After closely analyzing this new data collection method, CNIL said that it violates the privacy of Google users and it has fined Google with no less than 150,000 EUR, or the equivalent of approximately $205,000. Nevertheless, the United States search engine has announced yesterday that it will appeal against CNIL’s fine. According to Google, the only reason why the company has made these changes was to deliver simpler, more effective and more straightforward services for its customers.
The fine was issued by the CNIL on January the 9th this year, after the Commission has determined that Google was breaching the French data protection law. Not only did the French National Commission On Computing and Liberty fine Google, but it even ordered it to post this decision on the homepage of Google.fr and keep it there for two days (48 hours). Several days later, Google has appealed against the fine with the supreme court for administrative matter, seeking an urgent and immediate suspension of CNIL’s ruling. It is not sure what was more bothersome for Google: the fact that it had to pay that fine (which is approximately .01%, only a small fraction of the total revenue Google makes on a yearly basis) or the fact that it had to report CNIL’s fine on the official homepage of the site.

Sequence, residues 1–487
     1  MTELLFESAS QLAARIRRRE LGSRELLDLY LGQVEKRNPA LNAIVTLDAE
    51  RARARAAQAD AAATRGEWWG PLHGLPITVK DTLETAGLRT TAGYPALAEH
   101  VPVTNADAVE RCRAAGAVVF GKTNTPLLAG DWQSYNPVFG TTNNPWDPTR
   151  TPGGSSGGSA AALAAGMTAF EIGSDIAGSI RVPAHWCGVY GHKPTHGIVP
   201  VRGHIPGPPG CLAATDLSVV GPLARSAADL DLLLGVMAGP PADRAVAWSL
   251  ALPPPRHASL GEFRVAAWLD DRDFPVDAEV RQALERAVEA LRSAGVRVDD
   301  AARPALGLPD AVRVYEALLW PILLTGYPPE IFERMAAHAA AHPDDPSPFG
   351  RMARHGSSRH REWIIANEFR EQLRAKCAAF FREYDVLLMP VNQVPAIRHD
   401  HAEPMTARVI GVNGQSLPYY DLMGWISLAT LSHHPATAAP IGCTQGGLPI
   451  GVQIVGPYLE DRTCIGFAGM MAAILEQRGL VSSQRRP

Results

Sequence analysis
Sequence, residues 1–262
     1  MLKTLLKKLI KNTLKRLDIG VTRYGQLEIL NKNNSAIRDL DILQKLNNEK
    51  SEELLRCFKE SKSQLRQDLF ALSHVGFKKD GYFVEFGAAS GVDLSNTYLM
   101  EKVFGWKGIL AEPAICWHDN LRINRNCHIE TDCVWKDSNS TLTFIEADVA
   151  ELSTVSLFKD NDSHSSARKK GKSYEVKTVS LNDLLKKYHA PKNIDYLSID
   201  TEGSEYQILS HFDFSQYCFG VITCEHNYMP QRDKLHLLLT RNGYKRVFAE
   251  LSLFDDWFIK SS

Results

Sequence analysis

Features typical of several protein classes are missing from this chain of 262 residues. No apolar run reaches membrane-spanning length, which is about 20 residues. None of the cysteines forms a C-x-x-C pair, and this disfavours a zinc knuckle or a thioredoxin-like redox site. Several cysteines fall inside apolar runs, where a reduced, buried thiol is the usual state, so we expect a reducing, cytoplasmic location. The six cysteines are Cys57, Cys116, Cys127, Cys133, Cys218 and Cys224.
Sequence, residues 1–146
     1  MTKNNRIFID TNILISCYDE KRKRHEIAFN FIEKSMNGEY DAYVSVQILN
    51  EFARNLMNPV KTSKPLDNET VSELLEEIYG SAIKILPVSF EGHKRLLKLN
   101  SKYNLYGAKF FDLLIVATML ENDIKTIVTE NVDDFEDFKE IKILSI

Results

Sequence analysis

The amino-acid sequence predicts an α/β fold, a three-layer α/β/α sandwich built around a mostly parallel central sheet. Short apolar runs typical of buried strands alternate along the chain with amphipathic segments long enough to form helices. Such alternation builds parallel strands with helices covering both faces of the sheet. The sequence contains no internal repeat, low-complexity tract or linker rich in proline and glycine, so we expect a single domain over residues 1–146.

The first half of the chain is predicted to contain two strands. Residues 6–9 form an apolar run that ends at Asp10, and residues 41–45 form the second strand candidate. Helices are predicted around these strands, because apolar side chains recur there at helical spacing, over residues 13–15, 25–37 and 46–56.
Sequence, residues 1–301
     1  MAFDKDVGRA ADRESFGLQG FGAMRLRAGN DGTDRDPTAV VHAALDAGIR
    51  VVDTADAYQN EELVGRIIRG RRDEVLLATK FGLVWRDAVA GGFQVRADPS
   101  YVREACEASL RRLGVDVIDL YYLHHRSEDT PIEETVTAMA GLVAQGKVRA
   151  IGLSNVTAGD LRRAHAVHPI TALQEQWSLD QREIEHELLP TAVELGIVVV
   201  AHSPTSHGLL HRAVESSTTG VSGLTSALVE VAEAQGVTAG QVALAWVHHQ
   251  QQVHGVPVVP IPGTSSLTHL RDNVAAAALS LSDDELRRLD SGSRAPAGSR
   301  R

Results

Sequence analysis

CNIL has exchanged some letters with Google before it has officially started its investigation on the new, 60-in-one policy, back in April 2013. Two months after that, the CNIL has asked Google to thoroughly explain users how their data will be collected, processed and stored, and for how long rather than using different data sources without the prior consent of the users. The French laws make it very clear that a company or a website needs the consent of its users before saving cookies in their browsers. The reason why CNIL has decided to fine Google was because the latter simply refused to make the necessary policy adjustments in order to be compliant with the French privacy laws.